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    Mystery Publishers

    • Rue Morgue Press
      "Rue Morgue Press is the old-mystery lover's best friend, reprinting high quality books from the 1930s and '40s." —Ellery Queen's Mystery Magazine
    • Felony & Mayhem
      This publisher specializes in classic mysteries, broadly defined, including newer mysteries that adhere to classic standards. They have just overhauled their website to make it much more informative and user-friendly.
    • Merion Press
      The Merion Press is an independent publisher of out-of-print works that were originally published over 75 years ago, but are enduring even today.
    • Mystery Guild
      This book club mostly publishes current thrillers, spy and horror stories, etc., but has a few "lost classics" by the likes of Ellery Queen and John Dickson Carr. As such, it may be worth your attention. Be warned though that it's a "negative option" club - if you join, you have to reply to each offer every few weeks to keep them from being sent to you.
    • Crippen & Landru
      Crippen & Landru publish mystery short story collections. Of particular interest is what they call "Lost Classics," a series of anthologies of mostly uncollected stories by authors who might be enjoyed by a new generation of readers.
    • Poisoned Pen Press
      Based in Scottsdale, Arizona, the Poisoned Pen Press publishes a fairly wide variety of mysteries. Some are reprints; many are new, by newer authors. Their website has a great deal of information about their books and authors.
    • Academy Chicago Publishers
      A number of interesting authors, most long out of print, plus some other odds and ends, including some horror stories by Conan Doyle.
    • Langtail Press
      A fairly new Print On Demand publisher specializing mostly in classic mysteries. The managing director, James Prichard is the great-grandson of Agatha Christie, and his lineage shows. Authors include John Dickson Carr, Ellery Queen, Anthony Berkeley, and Freeman Wills Crofts, among others. Many are also published as ebooks for the Amazon Kindle.
    • Mysterious Press
      The brainchild of editor/anthologist/author/bookstore-owner Otto Penzler, the Mysterious Press has recently returned to life as an electronic book publisher. It is already republishing the work of a lot of classic authors, with more books on the way.
    • Ostara Publishing
      "Ostara Publishing re-issues titles that have unjustifiably become unavailable either through the ravages of time or the forces of publishing economics. We specialise in Crime and Thriller fiction titles and our range goes from the1920s through to the 21st century. We publish thematically and currently have six series available. All our titles are published in a 'trade paperback' format and printed to order."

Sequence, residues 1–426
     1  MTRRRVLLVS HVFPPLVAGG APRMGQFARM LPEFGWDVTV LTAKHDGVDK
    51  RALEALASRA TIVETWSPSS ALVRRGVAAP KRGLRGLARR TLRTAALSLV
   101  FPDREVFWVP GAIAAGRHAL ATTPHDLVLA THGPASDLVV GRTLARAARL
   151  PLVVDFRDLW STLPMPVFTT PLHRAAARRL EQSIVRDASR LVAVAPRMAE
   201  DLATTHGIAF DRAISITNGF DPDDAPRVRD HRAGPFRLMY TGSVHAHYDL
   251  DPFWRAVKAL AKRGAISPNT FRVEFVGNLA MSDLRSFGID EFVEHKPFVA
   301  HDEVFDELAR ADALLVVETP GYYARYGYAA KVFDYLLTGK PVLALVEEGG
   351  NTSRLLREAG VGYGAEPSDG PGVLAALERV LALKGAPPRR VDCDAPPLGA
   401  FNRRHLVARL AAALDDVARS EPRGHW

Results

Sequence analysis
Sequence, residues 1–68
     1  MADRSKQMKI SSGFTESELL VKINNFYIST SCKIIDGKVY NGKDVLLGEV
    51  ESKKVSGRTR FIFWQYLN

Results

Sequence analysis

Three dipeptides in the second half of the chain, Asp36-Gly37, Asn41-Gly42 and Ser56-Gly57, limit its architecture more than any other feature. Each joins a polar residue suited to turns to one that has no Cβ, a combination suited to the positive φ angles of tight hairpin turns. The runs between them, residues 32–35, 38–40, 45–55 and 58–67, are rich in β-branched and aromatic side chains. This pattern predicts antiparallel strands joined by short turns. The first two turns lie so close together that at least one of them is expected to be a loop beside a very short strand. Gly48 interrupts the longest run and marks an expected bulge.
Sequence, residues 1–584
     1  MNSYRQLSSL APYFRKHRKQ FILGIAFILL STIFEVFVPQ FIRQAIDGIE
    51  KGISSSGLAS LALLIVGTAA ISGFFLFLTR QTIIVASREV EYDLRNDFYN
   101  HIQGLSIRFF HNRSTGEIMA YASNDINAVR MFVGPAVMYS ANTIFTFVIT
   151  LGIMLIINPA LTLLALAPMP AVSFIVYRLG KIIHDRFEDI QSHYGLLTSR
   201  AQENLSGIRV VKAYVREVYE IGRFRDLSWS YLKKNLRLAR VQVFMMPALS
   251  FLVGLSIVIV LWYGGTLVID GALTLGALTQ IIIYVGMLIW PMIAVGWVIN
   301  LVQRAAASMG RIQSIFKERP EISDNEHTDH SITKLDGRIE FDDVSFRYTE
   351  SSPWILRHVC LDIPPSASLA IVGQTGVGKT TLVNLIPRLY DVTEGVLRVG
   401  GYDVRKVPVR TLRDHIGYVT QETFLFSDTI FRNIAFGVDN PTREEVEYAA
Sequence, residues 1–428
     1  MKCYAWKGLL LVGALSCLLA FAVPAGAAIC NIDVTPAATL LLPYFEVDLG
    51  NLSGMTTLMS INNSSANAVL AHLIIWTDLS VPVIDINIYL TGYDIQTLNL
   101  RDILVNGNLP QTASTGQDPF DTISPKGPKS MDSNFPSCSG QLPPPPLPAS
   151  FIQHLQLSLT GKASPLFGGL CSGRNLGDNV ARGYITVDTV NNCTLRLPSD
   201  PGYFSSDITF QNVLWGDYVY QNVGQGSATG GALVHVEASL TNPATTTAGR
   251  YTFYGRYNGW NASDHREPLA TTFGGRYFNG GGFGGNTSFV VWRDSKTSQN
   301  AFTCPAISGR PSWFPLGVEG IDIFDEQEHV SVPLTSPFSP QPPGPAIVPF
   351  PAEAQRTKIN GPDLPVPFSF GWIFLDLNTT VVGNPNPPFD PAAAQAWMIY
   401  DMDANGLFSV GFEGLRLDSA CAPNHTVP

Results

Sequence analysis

• Locked Room International
      A small press, specializing in very good English-language translations of (so far) mostly-French authors of locked room and impossible crime stories. They publish in Print-On-Demand and electronic editions.
    • Oleander Press
      This small eclectic British publisher has begun publishing a series of classic British mystery novels, primarily from the Golden Age. The series is grouped into a section of their catalogue named "London Bound," as the books are set in London.
    • Oconee Spirit Press
      A small, independent publisher committed to publishing "lively fiction, and provocative non-fiction." Most of their list covers early works by established authors writing traditional mysteries, such as Carolyn Hart and Margaret Maron.

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    January 21, 2013

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    Margot Kinberg

    Les - I have to confess I dont know Connington's work as well as I would like. Thanks for reminding us of him. Interesting isn't it how even the most talented writers sometimes don't get the attention they should. I always wonder about why that happens to some authors and not to others...

    Les Blatt

    Margot, I'm frustrated by the disappearance of far too many good authors, particularly those from the so-called "Golden Age." I do hope that, eventually, many of these missing authors and books will reappear, at least in e-book format, but the confusing state of copyright law can make it difficult for would-be publishers to get the permissions they need to bring back the vanishing classics.

    Martin Edwards

    Connington was a really interesting writer, especially at the end of the 20s and start of the 30s. The Sweepstake Murders is my favourite - very well constructed indeed and strongly recommended. It's great that his books are becoming available again.

    Les Blatt

    Martin, it appears that some of Connington's other books (besides the three republished from Coachwhip) are turning up in e-book editions. I just downloaded The Case With Nine Solutions, which comes highly recommended. I look forward to reading more by Connington.

    Curt Evans

    I agree with Martin that The Sweepstake Murders is one of Connington's best. I also like The Ha-Ha Case (for one thing, non-English readers will learn what a Ha-Ha is), Nine Solutions, Tragedy at Ravensthorpe and A Minor Operation.

    Curt Evans

    Oh, and thanks for the mention, Les. I wouldn't day Tau Cross is his very best, but I enjoyed it a lot: a solid mystery with lots of clues,a good setting and some good characters and I think one of the best stinger endings in the literature with Clinton'd Driffield's commment.

    Les Blatt

    The Sweepstakes Murders appears to be completely out of print, Curt, and not [yet, anyway] available as an e-book. I'm looking forward to the e-book of The Case With Nine Solutions. And I agree - the closing paragraph of The Tau Cross Mystery really ends the book on a perfect note.

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